The effects of threats on ribbonsnake populations in Nova Scotia are not well understood. The recovery strategy1 has identified a number of known or potential threats including:

  • Lack of information for decision making
  • Alteration of water level and seasonal water flow
  • Habitat degradation, fragmentation, and loss
  • Vehicular mortality
  • Shifts in seasonal temperatures associated with climate change
  • Introduction of exotic predatory fish that may eat snakes or their prey
  • Increased predator populations associated with human activities 
  • Intentional killing and disturbance resulting from increased encounters between humans and snakes

 While some individual threats may not have large effects on the population, researchers are concerned about the long-term cumulative effect of many threats on the overall population health.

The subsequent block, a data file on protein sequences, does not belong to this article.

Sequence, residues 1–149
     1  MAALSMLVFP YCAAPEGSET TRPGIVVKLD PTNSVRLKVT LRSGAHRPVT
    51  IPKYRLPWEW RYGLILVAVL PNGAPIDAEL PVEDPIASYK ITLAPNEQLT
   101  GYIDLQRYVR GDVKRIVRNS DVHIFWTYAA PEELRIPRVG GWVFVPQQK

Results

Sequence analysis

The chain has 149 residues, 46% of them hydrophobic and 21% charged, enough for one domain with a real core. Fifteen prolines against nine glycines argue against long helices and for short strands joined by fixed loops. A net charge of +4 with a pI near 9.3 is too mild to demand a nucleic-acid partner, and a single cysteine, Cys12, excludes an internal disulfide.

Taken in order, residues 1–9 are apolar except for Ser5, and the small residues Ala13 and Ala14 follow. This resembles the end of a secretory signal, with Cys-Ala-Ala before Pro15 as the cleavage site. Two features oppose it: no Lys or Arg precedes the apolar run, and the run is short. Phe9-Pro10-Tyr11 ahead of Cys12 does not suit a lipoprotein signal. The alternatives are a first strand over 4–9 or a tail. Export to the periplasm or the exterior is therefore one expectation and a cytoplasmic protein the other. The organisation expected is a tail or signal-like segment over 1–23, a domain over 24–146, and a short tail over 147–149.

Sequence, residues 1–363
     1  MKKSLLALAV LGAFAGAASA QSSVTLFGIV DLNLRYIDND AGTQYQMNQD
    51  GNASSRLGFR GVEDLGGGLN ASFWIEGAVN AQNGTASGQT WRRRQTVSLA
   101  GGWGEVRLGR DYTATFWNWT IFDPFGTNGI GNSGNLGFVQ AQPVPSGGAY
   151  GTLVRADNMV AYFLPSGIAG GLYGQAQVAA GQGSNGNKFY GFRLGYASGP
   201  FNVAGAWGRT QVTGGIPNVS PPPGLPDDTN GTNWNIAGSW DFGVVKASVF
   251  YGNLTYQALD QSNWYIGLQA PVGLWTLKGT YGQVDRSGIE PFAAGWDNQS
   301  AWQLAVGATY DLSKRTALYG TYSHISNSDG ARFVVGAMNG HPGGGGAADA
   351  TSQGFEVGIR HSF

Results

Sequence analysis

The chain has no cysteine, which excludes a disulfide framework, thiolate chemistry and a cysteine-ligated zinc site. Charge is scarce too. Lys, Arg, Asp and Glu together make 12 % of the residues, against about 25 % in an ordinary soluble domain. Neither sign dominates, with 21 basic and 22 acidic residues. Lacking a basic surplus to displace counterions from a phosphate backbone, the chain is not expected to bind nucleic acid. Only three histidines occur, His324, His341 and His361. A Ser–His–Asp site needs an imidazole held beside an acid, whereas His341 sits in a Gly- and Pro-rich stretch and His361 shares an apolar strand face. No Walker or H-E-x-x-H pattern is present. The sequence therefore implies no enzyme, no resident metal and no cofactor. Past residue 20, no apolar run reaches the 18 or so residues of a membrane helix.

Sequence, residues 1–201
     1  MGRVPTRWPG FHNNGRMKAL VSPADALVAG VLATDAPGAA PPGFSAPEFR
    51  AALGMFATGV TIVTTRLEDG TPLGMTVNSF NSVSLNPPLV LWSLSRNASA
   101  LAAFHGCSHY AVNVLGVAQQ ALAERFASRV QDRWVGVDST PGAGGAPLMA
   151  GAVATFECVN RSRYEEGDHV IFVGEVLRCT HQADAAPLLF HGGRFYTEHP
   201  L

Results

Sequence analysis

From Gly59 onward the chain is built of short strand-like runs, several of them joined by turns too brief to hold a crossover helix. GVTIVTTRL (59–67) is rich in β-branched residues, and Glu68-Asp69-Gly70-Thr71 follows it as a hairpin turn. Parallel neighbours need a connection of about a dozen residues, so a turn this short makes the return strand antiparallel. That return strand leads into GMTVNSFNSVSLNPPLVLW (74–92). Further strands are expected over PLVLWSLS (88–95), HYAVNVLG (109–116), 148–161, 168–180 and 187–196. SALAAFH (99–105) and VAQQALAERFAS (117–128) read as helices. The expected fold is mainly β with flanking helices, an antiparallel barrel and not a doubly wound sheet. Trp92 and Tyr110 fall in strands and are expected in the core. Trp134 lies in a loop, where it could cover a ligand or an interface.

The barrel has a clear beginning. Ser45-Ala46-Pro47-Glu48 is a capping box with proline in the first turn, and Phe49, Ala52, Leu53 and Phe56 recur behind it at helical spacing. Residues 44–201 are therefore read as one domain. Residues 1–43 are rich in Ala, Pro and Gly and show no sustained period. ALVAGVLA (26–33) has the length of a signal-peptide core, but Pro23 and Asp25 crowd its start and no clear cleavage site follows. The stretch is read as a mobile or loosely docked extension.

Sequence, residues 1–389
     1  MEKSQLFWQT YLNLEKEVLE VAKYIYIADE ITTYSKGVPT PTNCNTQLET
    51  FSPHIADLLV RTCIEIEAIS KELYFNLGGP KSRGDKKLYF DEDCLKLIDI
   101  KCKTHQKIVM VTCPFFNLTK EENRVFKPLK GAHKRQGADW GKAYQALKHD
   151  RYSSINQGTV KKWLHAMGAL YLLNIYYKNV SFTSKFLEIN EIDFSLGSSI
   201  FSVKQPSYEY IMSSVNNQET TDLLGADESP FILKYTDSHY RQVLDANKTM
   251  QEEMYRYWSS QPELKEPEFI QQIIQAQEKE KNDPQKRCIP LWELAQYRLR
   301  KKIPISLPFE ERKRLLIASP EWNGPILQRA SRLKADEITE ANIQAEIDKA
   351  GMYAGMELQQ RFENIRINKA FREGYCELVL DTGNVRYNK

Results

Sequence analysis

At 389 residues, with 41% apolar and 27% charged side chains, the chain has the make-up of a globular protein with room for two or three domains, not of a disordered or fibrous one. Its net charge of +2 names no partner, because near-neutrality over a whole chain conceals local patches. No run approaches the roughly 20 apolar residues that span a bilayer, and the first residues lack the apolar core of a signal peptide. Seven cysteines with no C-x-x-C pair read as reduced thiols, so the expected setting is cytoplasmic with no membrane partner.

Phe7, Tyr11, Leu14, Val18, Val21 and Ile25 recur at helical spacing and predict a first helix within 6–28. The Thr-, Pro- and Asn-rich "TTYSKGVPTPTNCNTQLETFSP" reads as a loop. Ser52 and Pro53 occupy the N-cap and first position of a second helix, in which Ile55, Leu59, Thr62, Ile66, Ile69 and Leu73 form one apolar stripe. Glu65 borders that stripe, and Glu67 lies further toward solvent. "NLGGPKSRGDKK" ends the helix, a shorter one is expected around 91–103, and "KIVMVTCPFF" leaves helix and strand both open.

Did you know?...

Many of these threats arise from development in an around wetland habitats. Development for cottages, homes and other uses can result in increased habitat loss, changes to water levels, increased risk of road mortality, more frequency encounters between humans and snakes and higher risk of predation from pets. However, there are many ways that you can help reduce the risks to snakes and other wetland species,  such as maintaining a natural vegetation buffer along wetland edges, minimizing lawns, reducing the use of pesticides and other chemicals, and keeping pets on a leash.

For more suggestions, visit our website:  Healthy Lakes and Wetlands: A Landowner Stewardship Guide.


1 Parks Canada Agency. 2012. Recovery Strategy for the Eastern Ribbonsnake (Thamnophis sauritus), Atlantic Population in Canada. Species at Risk Act Recovery Strategy Series. Parks Canada Agency, Ottawa. x+46pp.